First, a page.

If the lives of two sparrows are worth a penny, how much more would our lives be worth? What is the value of a human being? Depending on when in time you asked that question the answer would vary. Slaves had value, even though it wasn't their lives so much as their ability to work and produce income. Still, their lives had value to them. What about the innocent children killed in drive-by shootings in a turf war? What are their lives worth? What about the veterans who fought in wars and saw too much death and carnage to protect our freedoms? The Native Americans, African-Americans, the differently-abled, the elderly, the orphans, the immigrants, the homeless, the GLBT? What are their lives worth? How much do we value the invisible, the ones with nothing or little?
A human life is worth far more than a whole flock of sparrows to God, and it should be to us as well. Whenever a human is devalued, it is like telling God that God's own measure of worth isn't accurate. The students are telling the master what is important and what is valuable.
What is the value of life? What is the value of a forest, clean water, abundant wildlife, human dignity? What about honesty, trustworthiness, compassion? Do we value those, especially in our fellow human beings? Or do we only care about our own interests, whether or not they are in accordance with God's teachings?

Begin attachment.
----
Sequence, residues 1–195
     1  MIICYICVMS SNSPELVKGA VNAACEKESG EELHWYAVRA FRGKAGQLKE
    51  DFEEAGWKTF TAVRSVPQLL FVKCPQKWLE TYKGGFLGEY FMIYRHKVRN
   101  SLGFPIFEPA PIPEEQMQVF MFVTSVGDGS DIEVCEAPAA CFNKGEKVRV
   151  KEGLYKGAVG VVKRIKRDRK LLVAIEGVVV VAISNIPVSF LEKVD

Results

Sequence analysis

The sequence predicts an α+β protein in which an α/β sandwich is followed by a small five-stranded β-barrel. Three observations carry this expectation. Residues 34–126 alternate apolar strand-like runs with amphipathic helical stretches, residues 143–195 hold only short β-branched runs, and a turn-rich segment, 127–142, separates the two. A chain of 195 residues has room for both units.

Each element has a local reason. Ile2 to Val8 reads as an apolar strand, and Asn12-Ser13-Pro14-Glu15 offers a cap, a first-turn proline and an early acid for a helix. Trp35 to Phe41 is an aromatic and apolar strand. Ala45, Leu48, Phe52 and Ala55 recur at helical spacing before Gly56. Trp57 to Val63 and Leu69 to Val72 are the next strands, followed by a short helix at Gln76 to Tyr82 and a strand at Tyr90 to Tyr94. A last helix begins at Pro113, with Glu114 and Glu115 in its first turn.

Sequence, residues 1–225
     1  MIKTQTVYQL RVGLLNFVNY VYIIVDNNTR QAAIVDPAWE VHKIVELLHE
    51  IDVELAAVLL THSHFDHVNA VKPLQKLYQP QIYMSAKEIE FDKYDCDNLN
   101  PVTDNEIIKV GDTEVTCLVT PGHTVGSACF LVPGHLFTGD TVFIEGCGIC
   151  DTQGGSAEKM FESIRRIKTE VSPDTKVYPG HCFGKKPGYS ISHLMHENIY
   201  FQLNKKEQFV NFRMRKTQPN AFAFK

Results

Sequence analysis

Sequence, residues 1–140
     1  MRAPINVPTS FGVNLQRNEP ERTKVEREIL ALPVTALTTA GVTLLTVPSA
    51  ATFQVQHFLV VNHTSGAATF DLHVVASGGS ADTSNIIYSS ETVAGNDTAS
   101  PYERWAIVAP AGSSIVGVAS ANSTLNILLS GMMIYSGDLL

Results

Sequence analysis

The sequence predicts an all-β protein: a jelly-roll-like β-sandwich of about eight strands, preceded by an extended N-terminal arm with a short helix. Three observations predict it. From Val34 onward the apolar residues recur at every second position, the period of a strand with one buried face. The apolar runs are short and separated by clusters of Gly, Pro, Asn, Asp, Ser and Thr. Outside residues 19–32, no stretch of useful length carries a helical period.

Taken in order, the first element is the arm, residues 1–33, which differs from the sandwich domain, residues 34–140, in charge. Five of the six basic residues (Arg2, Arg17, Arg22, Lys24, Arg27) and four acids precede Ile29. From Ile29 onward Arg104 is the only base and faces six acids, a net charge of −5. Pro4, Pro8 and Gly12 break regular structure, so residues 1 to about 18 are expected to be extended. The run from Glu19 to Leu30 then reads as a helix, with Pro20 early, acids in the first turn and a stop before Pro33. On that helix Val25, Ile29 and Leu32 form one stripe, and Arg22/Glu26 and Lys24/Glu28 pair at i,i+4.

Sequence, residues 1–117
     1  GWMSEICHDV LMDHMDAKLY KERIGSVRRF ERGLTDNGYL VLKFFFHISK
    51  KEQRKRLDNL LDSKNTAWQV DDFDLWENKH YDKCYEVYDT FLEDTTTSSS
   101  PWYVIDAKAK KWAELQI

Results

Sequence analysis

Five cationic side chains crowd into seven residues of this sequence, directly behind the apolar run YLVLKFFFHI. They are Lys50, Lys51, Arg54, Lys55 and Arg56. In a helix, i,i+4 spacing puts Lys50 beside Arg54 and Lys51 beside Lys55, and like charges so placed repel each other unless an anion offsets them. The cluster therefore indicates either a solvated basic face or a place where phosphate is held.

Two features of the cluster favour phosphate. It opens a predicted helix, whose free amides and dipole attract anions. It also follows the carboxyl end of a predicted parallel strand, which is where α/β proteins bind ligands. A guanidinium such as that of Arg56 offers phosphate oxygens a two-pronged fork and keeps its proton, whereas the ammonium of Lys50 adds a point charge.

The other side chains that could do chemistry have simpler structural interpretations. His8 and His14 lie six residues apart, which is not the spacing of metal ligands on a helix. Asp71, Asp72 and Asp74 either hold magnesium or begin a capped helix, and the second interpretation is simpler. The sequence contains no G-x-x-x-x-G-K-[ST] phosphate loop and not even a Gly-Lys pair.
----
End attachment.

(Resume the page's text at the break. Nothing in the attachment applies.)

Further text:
If God values the life of a sparrow, or anything else, how much more can we as humans be valued in God's sight? Do we have the right to say that this person or that one has little value to us because they aren't like us in some way -- physically, culturally, educationally, financially, religiously-- and therefore have no value to God? Would God prefer us to others who are not like us? Or would God take exactly the opposite position?
Jesus told us we have value. When are we, you and I, going to learn to see that value in all of creation and try to make it the kingdom of God on earth as Jesus taught us to do and God wanted us to do from the beginning? We may laugh at tree-huggers, but what would happen if we actually did it ourselves, hugged the trunk, felt the bark, touched the leaves other than to rake them up so the yard would look tidy? What if we offered a homeless person a sandwich and coffee and not just a buck or two with the hope they weren't going to spend it on dope or booze?
There are millions of ways to celebrate life all around us, to validate the value of life in this world. We all have value -- so spread it around. Find someone and validate their value as a friend, co-worker, mentor, family member, even a stranger as a person and a beloved child of God.
We don't have to be martyrs, just committed.
Originally published at Speaking to the Soul on Episcopal Café Saturday, May 2, 2015.